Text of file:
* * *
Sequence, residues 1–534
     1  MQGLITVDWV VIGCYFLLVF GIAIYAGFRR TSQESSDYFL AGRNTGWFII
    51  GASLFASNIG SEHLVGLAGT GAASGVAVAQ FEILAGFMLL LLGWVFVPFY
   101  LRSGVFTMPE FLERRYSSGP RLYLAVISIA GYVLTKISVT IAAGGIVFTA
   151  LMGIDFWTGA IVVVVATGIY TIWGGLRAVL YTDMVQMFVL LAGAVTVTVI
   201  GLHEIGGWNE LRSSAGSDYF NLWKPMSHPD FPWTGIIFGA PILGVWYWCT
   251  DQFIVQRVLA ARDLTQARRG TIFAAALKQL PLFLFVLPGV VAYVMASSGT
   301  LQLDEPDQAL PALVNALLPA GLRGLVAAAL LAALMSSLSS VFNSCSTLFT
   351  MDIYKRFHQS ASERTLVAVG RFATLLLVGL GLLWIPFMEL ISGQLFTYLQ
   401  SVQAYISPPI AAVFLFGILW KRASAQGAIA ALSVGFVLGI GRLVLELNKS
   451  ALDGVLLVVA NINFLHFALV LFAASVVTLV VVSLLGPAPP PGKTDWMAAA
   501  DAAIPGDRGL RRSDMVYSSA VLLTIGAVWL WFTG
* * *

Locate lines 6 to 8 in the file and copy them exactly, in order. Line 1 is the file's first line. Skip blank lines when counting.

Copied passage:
   201  GLHEIGGWNE LRSSAGSDYF NLWKPMSHPD FPWTGIIFGA PILGVWYWCT
   251  DQFIVQRVLA ARDLTQARRG TIFAAALKQL PLFLFVLPGV VAYVMASSGT
   301  LQLDEPDQAL PALVNALLPA GLRGLVAAAL LAALMSSLSS VFNSCSTLFT